We are there, the middle of Term 4, which fills the Wellbeing Team with a sense of pride and reassurance that the school year and our students have nearly ticked off another great year of learning and social development. The Year 12s will be almost finished with their exams when this newsletter hits the press and we congratulate them all on a huge achievement in what has been some very interesting and challenging years.
As we move into the summer months, you will start to look forward to get-togethers and parties and the Year 12s will be faced with the big event of “Schoolies”. Whether it is a low key event or they are choosing a destination far away, the advice from Better Health Channel really can resonate to many different age groups, as it is all around keeping you and your mates safe. For our Year 12 leavers or students entering Year 12 for 2023, you may be planning your end of year celebrations now. Here is great advice starting with talking about safety with your friends and family, it could really save you on so many levels.
Partying Safely at Schoolies
What is Schoolies?
Every year in late November through to December, thousands of school leavers head to holiday destinations around the country for schoolies (or leavers) to celebrate the end of school life. Popular locations in Victoria include coastal areas such as Lorne, Torquay, Rye or Phillip Island. Intense partying can be lots of fun if you pace yourself and plan ahead so you’re aware of any risks and know what to do in an emergency.
How to prepare before you go
It is important to decide what your limits are so you can avoid any unpleasant situations.
Here are some suggestions from Better Health Channel
• decide what you’re prepared to do and where to draw the line around sex, alcohol and drugs
• talk to your friends about where they stand and plan ways to look out for each other
• let your family and loved ones know your destination and who you are going with
Tell others if you have a health condition (such as diabetes, asthma, allergies, depression or epilepsy) so they can look out for you. Research how you can travel safely and work this into your plans. It might also help to know how alcohol or other drugs could interact with your health condition. You can consult your doctor about this and also look for further info online.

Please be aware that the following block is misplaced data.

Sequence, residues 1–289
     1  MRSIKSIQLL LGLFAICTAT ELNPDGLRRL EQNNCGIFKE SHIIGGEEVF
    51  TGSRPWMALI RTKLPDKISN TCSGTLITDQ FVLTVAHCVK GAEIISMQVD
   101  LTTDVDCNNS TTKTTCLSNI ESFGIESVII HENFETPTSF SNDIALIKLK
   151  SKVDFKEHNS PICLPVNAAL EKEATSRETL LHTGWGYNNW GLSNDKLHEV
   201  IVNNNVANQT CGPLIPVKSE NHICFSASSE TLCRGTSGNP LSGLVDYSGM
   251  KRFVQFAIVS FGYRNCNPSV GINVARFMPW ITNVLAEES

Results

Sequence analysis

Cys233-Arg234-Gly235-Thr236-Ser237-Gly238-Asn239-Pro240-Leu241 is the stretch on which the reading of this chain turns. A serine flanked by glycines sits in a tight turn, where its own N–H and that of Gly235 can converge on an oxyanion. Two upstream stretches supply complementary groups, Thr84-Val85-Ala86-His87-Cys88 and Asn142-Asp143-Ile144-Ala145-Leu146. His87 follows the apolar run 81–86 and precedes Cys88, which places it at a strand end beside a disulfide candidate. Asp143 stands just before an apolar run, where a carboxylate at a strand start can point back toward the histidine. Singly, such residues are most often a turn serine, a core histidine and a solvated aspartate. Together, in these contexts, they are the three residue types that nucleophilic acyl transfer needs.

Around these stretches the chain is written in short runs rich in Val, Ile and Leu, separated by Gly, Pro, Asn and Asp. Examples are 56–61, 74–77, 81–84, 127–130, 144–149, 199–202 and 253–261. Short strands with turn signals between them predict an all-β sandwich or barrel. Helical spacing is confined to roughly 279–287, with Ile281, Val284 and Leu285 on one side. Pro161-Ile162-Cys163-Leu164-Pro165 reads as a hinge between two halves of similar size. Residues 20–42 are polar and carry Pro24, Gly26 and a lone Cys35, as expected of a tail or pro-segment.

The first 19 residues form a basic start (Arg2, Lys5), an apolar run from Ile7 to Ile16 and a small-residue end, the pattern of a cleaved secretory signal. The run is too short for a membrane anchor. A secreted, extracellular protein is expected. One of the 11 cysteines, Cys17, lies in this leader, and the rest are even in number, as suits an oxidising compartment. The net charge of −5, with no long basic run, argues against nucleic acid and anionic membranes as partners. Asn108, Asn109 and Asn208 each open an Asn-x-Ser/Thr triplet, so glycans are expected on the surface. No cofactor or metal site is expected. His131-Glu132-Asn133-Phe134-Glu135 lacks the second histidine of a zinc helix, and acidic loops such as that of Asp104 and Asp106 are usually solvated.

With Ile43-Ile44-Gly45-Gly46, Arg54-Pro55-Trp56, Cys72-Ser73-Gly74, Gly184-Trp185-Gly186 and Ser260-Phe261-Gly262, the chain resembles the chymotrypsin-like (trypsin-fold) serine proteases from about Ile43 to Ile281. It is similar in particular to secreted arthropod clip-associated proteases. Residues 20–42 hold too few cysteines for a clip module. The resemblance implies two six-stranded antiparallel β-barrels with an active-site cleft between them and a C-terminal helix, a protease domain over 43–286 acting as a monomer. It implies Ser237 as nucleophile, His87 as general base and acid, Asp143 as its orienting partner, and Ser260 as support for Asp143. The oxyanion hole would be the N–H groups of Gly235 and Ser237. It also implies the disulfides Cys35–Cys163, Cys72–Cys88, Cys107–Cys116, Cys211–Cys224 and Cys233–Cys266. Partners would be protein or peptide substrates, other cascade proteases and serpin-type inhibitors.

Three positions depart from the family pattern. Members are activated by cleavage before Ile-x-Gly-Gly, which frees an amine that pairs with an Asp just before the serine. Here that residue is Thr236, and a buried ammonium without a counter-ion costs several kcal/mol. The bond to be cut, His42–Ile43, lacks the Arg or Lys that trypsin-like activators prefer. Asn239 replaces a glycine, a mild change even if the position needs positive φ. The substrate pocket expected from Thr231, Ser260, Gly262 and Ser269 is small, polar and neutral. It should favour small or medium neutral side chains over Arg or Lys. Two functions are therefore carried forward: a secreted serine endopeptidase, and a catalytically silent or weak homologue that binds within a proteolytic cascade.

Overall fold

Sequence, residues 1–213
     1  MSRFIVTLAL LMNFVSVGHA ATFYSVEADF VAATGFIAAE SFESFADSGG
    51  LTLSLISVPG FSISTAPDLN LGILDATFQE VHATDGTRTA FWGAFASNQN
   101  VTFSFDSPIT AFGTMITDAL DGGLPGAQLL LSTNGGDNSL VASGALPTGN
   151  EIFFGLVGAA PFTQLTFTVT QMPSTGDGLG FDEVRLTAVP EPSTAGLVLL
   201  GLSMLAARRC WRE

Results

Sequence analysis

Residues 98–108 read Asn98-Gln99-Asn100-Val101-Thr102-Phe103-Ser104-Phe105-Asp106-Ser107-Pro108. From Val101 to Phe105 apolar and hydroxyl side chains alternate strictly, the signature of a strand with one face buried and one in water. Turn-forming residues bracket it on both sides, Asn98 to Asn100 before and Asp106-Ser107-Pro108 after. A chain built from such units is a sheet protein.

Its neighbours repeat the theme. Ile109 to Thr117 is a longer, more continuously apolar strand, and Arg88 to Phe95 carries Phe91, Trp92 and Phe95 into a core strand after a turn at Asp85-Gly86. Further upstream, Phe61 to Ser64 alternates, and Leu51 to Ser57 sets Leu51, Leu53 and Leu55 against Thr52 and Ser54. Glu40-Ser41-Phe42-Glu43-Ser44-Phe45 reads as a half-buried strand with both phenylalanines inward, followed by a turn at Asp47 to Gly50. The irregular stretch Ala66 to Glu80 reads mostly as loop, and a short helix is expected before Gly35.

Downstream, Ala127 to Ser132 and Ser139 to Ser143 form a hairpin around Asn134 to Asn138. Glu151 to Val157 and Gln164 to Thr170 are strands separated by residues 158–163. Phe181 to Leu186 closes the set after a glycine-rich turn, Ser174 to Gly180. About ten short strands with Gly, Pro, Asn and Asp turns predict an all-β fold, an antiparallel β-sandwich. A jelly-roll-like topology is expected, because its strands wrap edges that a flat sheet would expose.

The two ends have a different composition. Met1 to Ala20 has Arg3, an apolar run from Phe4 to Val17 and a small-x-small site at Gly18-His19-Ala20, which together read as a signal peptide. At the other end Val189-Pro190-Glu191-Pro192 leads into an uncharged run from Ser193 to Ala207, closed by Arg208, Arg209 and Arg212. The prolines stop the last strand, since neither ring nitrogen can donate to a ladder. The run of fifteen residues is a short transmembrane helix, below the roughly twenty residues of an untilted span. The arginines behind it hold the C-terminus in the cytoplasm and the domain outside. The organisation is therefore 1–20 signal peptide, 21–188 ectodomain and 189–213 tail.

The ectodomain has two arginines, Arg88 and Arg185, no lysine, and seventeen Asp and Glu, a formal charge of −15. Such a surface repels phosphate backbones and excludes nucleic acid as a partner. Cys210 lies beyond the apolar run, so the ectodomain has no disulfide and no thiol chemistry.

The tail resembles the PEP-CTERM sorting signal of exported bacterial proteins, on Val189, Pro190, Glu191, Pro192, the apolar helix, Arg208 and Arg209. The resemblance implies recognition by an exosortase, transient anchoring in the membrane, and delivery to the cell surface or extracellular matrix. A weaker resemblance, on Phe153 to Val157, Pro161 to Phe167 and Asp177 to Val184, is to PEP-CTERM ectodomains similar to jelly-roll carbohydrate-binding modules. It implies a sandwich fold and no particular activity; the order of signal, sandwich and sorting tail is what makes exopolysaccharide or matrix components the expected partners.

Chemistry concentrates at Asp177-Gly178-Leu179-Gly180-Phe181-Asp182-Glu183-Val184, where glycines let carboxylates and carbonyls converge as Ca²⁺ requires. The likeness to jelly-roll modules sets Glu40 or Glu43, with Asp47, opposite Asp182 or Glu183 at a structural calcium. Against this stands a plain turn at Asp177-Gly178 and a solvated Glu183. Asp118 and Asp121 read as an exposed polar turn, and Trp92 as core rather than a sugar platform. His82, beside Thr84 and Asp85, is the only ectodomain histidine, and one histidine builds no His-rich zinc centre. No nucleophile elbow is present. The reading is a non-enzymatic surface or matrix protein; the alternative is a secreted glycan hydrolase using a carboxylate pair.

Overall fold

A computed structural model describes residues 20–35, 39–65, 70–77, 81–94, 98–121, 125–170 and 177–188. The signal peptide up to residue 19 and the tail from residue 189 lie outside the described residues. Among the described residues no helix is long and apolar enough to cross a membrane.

Check you have ambulance cover, this can save you a lot of money in an emergency.
If you have private health insurance, know what you’re covered for.
Some local councils run special events for schoolies in a safe environment. If this sounds like an option, visit the Council’s website before you leave for more details.
Safety tips for schoolies
Sometimes, when you’re in a group, you may find yourself doing things you would never do alone.
Safety tips include:
• stick to the house rules; don’t get kicked out of your accommodation
• carry your accommodation details with you incase you get lost or need a ride to the place you are staying
• keep your room locked. If you’re sharing, make sure you know who has the key or swipe card and stick with them or leave the key at the front desk, if there is a 24 hour concierge
• before going out, plan to meet somewhere in case you get separated
• stick with your friends and watch out for each other. Walk to and from the main schoolies area in groups
• don’t wander off alone. Avoid going off with people you are not friends with, particularly if you are intoxicated
• make sure your phone is charged and has plenty of credit
• carry some spare cash
• keep emergency contact numbers handy
• practice safe sex
• keep your shoes on outside, even on the beach. If you are in an area where there are loads of people, watch out for sharp objects such as broken glass
• don’t take risks, such as swimming or diving in unfamiliar water or driving or getting into a car with someone who has been drinking or taking drugs
• don’t leave your things unattended (such as, on the beach or at a club). Take it in turns to look after everyone’s stuff